It’s normal to work with an internal recruiter as part of the application process at a software company, especially a larger one.

An external recruiter works independently or for an agency. They’re market makers; they have a stable of companies who have contracted with them to find employees, and they get a placement fee for every person that one of those companies hires. As such, they have incentives to make as many matches as possible as quickly as possible, and they rarely have to deal with the fallout if the match isn’t a good one.

In my experience they add nothing to the job search process and, at best, just gum up the works as unnecessary middlemen. Less reputable ones may edit your resume without your approval, forward it along to companies that you’d never want to work with, and otherwise mangle your reputation. I avoid them.

Helpful and ethical external recruiters are a bit like UFOs. I’m prepared to acknowledge that they might, possibly, exist, but I’ve never seen one myself or spoken directly with anyone who’s encountered one, and I’ve only heard about them through confusing and doubtful chains of testimonials (and such testimonials usually make me question the testifier more than my assumptions).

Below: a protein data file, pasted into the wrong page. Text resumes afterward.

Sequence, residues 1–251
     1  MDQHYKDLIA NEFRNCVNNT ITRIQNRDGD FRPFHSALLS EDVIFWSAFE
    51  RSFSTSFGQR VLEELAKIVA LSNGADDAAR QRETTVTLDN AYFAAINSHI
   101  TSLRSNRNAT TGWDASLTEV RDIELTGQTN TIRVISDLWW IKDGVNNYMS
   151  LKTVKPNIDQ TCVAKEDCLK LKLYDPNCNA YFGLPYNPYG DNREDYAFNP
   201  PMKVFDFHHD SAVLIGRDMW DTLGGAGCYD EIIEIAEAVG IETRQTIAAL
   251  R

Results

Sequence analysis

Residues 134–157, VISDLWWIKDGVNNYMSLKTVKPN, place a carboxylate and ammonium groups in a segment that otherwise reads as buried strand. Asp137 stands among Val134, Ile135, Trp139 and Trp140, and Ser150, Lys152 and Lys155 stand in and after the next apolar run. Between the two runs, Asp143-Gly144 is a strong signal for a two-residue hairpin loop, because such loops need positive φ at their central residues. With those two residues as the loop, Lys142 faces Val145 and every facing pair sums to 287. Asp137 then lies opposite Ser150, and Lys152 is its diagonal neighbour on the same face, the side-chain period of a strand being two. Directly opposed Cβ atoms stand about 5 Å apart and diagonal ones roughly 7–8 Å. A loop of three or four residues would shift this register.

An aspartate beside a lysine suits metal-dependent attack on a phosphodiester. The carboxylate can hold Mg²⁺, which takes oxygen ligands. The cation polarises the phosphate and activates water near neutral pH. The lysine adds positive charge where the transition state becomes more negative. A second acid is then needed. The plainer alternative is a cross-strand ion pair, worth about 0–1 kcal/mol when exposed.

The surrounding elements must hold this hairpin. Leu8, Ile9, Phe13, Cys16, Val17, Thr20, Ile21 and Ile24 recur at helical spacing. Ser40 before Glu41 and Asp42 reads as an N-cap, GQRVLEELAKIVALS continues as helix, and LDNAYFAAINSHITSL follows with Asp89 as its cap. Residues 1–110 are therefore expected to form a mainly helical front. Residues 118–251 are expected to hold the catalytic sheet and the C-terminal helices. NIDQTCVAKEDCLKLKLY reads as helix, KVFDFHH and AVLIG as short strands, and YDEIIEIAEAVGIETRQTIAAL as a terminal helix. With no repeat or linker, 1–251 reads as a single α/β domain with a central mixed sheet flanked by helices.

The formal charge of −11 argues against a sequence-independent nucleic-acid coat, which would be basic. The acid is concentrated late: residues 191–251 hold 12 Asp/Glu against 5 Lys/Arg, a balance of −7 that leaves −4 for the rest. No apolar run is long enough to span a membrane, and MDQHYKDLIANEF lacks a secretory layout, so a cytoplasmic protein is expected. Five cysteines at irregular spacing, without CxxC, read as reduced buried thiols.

University career services

I’ve never found these to be of any use. The software job market is extraordinarily specialized, and it’s virtually impossible for a career services employee (who needs to be able to place every sort of student in every sort of job) to be familiar with it.

A recruiter, whose purview is limited to the software world, will often try to estimate good matches by looking at resume keywords like “Python” or “natural language processing.” A university career services employee needs to rely on even more amorphous keywords like “software” or “programming.” It’s hard for a non-technical person to distinguish a job engineering compilers from one hooking up printers.

Exceptions exist, of course (MIT and Stanford, for example, have predictably excellent software-specific career services), but they’re thoroughly exceptional.

There are plenty of other ways to find jobs, of course (job fairs at good industrial conferences—like PyCon or Strange Loop—aren’t bad, for example, though I’ve never taken a job through one). But the avenues above are the most common ways that job-finding happens. Good luck!